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Tories embrace Blair’s legacy of lies

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MOST popular criticisms of government assume that its role is to serve ‘the people’. There is no reason why this should be so.

The assumption is fostered by universal adult franchise, which in the UK is less than 100 years old. Until 1918 only men over 21 who owned property could vote. The Representation of the People Act of 1918 granted the vote to women over the age of 30 who met a property qualification, and to all men over the age of 21. Only in 1928 did all women acquire the same right as men.

After the sufferings of the Great Depression and WWII, the people wanted a new deal. Many of the middle and upper classes had worked and fought alongside the common sort, and sympathised with their aspiration to defeat the ‘five giants’ of ‘Want, Disease, Ignorance, Squalor and Idleness.’ After the landslide Labour victory of 1945 there was for decades a cross-party consensus, a competition to do more for the people.

However, the means can corrupt the end. Like Frankenstein’s monster, however a government is brought into being, it wants to survive. It has to win elections to carry out its agenda, not all of which may be understood or wanted by the voters; but there is also the delight of power, with its perks and privileges, plus potentially the glittering prizes after leaving office. So the game is to get enough votes in enough constituencies.

Every form of government has its flaws. For example, in ancient Athens all free men (though not women or slaves) could attend a weekly assembly and vote to decide the issues; representatives were not needed. It sounds almost ideal, a true democracy, but the Achilles heel here was the power of the orator, who could influence people’s judgment with his presentational skills. Demosthenes, the greatest speaker of his time, persuaded Athens to resist Philip of Macedon and later, his son Alexander the Great. Athens was defeated and could easily have suffered the fate of the city-state of Thebes, which Alexander destroyed.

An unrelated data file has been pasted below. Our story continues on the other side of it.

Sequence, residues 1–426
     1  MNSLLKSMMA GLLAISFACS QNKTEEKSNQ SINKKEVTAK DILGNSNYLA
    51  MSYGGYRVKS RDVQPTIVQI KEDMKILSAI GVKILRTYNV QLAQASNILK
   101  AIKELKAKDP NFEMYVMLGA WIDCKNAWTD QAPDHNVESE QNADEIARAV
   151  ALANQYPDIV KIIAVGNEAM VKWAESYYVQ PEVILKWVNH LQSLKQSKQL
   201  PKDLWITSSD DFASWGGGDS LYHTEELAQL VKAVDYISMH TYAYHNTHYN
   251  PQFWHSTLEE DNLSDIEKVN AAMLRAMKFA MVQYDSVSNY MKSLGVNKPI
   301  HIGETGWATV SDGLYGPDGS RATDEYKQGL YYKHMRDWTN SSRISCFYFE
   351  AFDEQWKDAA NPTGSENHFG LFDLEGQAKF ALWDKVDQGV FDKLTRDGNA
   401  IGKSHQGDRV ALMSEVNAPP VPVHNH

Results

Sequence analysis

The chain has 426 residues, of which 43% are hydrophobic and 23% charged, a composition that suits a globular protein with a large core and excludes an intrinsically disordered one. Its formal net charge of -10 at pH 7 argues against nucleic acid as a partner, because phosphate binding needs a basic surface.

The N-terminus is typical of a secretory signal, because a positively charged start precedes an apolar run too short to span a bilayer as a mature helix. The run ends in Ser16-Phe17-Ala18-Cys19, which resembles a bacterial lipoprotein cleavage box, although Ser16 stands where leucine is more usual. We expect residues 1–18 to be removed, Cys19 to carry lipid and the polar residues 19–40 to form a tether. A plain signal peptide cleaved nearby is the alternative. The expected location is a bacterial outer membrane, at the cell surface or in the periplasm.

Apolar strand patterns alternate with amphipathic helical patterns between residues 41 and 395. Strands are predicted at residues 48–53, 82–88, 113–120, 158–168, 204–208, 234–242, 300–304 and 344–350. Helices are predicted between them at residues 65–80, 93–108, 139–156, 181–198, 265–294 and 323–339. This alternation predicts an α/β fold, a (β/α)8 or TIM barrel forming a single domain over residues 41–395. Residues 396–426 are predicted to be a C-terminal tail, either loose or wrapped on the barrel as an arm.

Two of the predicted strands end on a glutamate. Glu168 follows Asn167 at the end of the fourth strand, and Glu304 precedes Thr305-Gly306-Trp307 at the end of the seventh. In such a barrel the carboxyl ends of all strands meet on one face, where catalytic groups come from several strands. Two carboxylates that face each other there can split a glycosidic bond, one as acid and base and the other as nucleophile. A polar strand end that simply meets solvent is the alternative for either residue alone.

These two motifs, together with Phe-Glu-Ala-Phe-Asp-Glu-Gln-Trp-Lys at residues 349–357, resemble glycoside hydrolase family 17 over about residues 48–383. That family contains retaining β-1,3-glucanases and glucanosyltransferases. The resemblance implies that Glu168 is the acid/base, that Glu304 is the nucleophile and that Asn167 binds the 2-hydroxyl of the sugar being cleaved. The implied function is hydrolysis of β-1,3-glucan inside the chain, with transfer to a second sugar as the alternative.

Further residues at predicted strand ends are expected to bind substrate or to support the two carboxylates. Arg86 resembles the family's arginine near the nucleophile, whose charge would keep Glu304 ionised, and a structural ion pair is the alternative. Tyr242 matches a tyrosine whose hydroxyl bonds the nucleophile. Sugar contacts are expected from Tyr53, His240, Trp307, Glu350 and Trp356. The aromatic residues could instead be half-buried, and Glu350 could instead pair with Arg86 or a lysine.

In a mass representative democracy like ours, persuasion is the key again. Huge sums are invested in analysing the voter patterns and concerns of groups of people in each constituency, and in formulating policies that appeal to the ‘swing voter in the swing seat’. Since we depend so much on mass communications to follow what is going on, the political parties employ professional influencers to network with the staff of newspapers, TV etc.

Tony Blair’s ‘New Labour’ government went further. On May 3 1997, the day after taking office, it used an Order of the Privy Council to politicise the Civil Service, providing that ‘up to three special advisers (in practice in No 10) could exercise management control over permanent civil servants’. (To his credit, Gordon Brown revoked the Order ten years later on becoming Prime Minister.)

Blair was a master of presentation and always concerned to enhance his personal profile. In 2000 he wrote a memorandum analysing topical issues in political terms, for example: ‘On the family, we need two or three eye-catching initiatives . . . I should be personally associated with as much of this as possible.’ Clearly, what matters here is not the initiatives themselves, but their effect on public opinion.

In 2000 there was a matter that needed to be settled quickly to keep the political atmospherics sweet in the run-up to a General Election the following year. In this case it was the fate of the Rover car-making plant at Longbridge, Birmingham.

The firm had been struggling for years and a venture capital company called Alchemy offered to buy it from its owners, BMW, cut its size and specialise in a line of sports cars. The rest of the land could be redeveloped for housing and retail. The surplus workers would have their pension rights and redundancy payouts honoured, and some could still look around for employment in other plants.

But with the election coming in 2001, the government chose to encourage a management buyout that would preserve the whole plant. Thousands of jobs were saved – supposedly; but the main thing was that the appearance of success lasted beyond the election.

Rover did go bust anyway (after a £6.5million ‘bridging loan’ to prevent its collapse immediately before the next General Election in 2005). The buyout team had paid themselves tens of millions of pounds before the firm collapsed; they were later barred from holding directorships.

As for the workers, they didn’t get the redundancy payments they’d have had from Alchemy in 2000, and their pensions were hit too. Anyone still interested in car work elsewhere would then be five years older, in an industry that some believe discriminated on the basis of age prior to new legislation in 2006. One of the objections to Alchemy’s proposals was that the site was too polluted for residential development. Now it’s been cleared and built on.

The point of recounting this episode is that the British Labour Party was set up to promote the interests of the working class in this country. Instead, in a sham democracy, it has mutated into an election-oriented machine that is prepared to deceive and sacrifice what used to be its core voters if that is what it takes to get into Number 10 again.

And now we have Conservatives who learned from Blair.

This appeared on Now and Next on June 17, 2022, and is republished by kind permission.

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Rolf Norfolk
Rolf Norfolk
Rolf Norfolk is a former teacher and retired independent financial adviser.

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